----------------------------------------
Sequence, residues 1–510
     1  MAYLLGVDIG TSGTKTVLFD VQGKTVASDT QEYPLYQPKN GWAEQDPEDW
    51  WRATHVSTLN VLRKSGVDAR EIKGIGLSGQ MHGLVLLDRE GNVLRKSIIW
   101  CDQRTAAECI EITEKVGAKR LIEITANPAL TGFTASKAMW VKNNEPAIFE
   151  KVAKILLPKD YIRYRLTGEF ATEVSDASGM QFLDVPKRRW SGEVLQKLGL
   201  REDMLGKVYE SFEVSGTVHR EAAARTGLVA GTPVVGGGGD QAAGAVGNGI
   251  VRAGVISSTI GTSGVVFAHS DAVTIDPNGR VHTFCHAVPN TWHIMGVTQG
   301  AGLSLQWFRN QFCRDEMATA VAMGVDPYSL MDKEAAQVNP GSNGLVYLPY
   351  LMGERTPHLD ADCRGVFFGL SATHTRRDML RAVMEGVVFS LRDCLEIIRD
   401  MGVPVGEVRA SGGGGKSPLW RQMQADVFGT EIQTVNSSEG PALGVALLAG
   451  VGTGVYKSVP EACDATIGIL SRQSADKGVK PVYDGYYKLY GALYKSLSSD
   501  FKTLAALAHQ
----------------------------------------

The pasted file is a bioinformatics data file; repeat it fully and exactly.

Sequence, residues 1–510
     1  MAYLLGVDIG TSGTKTVLFD VQGKTVASDT QEYPLYQPKN GWAEQDPEDW
    51  WRATHVSTLN VLRKSGVDAR EIKGIGLSGQ MHGLVLLDRE GNVLRKSIIW
   101  CDQRTAAECI EITEKVGAKR LIEITANPAL TGFTASKAMW VKNNEPAIFE
   151  KVAKILLPKD YIRYRLTGEF ATEVSDASGM QFLDVPKRRW SGEVLQKLGL
   201  REDMLGKVYE SFEVSGTVHR EAAARTGLVA GTPVVGGGGD QAAGAVGNGI
   251  VRAGVISSTI GTSGVVFAHS DAVTIDPNGR VHTFCHAVPN TWHIMGVTQG
   301  AGLSLQWFRN QFCRDEMATA VAMGVDPYSL MDKEAAQVNP GSNGLVYLPY
   351  LMGERTPHLD ADCRGVFFGL SATHTRRDML RAVMEGVVFS LRDCLEIIRD
   401  MGVPVGEVRA SGGGGKSPLW RQMQADVFGT EIQTVNSSEG PALGVALLAG
   451  VGTGVYKSVP EACDATIGIL SRQSADKGVK PVYDGYYKLY GALYKSLSSD
   501  FKTLAALAHQ